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The Credit Services Association (CSA)
Blog: Driving innovation in debt collection by changing the way you think
Professor Damian Hughes, international speaker, author, sports psychology consultant and Professor of Organisational Psychology and Change, will be delivering a follow-up to his talk at the Credit Services Association’s UK Credit & Collections Conference in 2016 at this year’s conference in September 2017. Book your place here: http://ukccc.csa-uk.com/
What can the debt collection sector learn from the world of sport? As I demonstrated at last year’s UK Credit & Collections Conference; perhaps more than you would think. At this year’s event, I’ll be taking things one step further to help delegates understand how to change the way they think to drive innovation in a sector that is rapidly evolving.
When was the last time you sat for an hour of pure, unadulterated thinking? If you’re like most people, it’s been a while. Is this simply a function of our high-speed era? Perhaps not. The absurdly talented George Bernard Shaw – a world-class writer and a founder of the London School of Economics – noted this thought deficit many years ago. “Few people think more than two or three times a year,” Shaw reportedly said. “I have made an international reputation for myself by thinking once or twice a week.”
As part of my session I will identify three common trapdoors that we need to be aware of falling through.
Double loop learning
Listening is to hearing what seeing is to looking. Our brain’s persistent and hard-wired preoccupation for taking short cuts means we get simple things wrong quite often and most likely in a busy working environment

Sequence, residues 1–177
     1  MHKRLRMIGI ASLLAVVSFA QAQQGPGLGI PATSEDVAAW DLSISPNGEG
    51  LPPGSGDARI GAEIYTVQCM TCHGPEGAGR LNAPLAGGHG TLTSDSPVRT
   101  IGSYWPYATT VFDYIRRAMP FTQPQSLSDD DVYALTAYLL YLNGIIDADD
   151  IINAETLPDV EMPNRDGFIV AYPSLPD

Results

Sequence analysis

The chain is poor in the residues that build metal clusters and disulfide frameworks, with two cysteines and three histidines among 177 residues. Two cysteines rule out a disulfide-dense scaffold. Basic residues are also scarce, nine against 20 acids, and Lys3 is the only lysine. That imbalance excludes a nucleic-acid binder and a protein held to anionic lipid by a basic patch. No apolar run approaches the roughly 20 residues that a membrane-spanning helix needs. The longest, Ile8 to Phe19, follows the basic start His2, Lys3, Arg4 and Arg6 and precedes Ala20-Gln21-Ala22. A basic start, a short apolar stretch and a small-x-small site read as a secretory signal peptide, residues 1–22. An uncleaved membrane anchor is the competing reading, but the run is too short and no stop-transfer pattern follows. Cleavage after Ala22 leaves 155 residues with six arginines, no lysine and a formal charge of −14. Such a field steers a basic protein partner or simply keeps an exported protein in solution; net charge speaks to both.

Also, think about the last time you were genuinely surprised.
Most people possess a model of the world, a script for how things should be. What stops innovation is the lack of willingness to double back and revisit our scripts and determine whether they are helpful or not.
The Knowledge Trap
Let’s say that you are excellent at a given thing, a true master of your domain. Does this mean you are also more likely to excel in a different domain?
Business managers believe that when they have clicked through a PowerPoint presentation showcasing their conclusions, they’ve successfully communicated their ideas. All they’ve really done is share data. If they’re good speakers, they may have created an enhanced sense, amongst colleagues and peers, that they are decisive or motivational. But the surprise comes when they realise that nothing they’ve said has had a lasting impact. They’ve shared data but they haven’t created ideas that are useful and lasting. Nothing stuck.
Given the obvious importance of courage to successful coaches, it is amazing to note how little coverage it receives. There are loads of books about risk avoidance and management and very little about the positive nature of courage. Whilst courage is no guarantee of success, it is obvious that to take action without displaying some sort of bravery is an effective way of preventing success.
What is courage? My own favourite definition of the word is the original meaning of it, which is ‘to speak your own mind with all your heart’.
It was the Stone Roses singer Ian Brown who once said that “it doesn’t matter where you’re from, it’s where you’re at.” Changing your thinking is something we can all do.